It seems like when converting relative coordinates, where the user touched the current element, to the general coordinates on the screen there is a big discrepancy and it is impossible to do a sliding menu effect in a decent manner. In the end I totally abandoned this effect.

The speed is not that good when it comes to rendering elements. To be honest, I was expecting a better speed. There are some tricks that help, like pre-rendering the views before displaying them, but for this you must guess what the user will do next, which is not always possible.

Another thing that bothered me was that when the menu button is pressed on Android you can’t take a particular action, let’s say open the side menu that I’ve mentioned before. In PhoneGap for instance, no menu is opened, it must be built-using HTML from the ground up.

When Titanium came out, they were stating that you could develop once and distribute to multiple platforms. Now I was surprised to find that the approach had changed. In the Kitchen Sink, the application that showcases the features of the platform, each platform type initializes the application in it’s own file. One of the reasons is that the design is done dynamically if you are not using Alloy, not trough layout files.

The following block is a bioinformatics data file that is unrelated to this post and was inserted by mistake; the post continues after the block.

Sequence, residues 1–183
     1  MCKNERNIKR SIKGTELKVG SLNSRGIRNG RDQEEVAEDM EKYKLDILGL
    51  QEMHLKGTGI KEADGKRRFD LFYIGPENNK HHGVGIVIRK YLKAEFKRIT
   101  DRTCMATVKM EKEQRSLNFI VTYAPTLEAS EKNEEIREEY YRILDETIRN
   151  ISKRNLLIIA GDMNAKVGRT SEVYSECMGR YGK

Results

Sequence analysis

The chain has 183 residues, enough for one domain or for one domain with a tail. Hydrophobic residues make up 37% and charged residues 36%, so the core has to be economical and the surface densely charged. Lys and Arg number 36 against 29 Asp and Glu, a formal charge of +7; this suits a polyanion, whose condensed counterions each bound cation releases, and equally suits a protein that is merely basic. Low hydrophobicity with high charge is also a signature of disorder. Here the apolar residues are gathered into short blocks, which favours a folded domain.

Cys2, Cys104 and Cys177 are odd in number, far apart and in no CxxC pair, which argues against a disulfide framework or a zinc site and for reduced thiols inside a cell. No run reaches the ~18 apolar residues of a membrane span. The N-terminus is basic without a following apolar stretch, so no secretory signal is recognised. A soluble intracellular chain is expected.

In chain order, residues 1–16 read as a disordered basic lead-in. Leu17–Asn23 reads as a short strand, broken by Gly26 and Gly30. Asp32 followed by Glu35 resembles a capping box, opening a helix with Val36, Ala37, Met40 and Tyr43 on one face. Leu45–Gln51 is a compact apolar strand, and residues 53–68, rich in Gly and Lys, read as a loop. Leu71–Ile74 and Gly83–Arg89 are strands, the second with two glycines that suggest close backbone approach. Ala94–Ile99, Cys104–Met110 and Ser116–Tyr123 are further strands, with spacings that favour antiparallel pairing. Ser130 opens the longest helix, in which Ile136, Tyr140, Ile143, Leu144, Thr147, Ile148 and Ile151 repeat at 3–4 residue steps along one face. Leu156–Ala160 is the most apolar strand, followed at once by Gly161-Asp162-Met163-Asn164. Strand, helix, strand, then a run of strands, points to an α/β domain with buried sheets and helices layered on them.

One of the first things that I tried with Titanium was to see the size of a “Hello World” app. Packed, the application has about 8.5M, installed on the phone, it takes up about 16M. I don’t know what you think about that, but for me it is a lot! What is strange is that my final app occupies about 8.4M packed and installed about 16M, almost identical to the original application. The reason is simple, the images replaced by me are a few kb smaller, resulting in an application a little smaller than the one that I started with.

Why does a Titanium application take up so much space?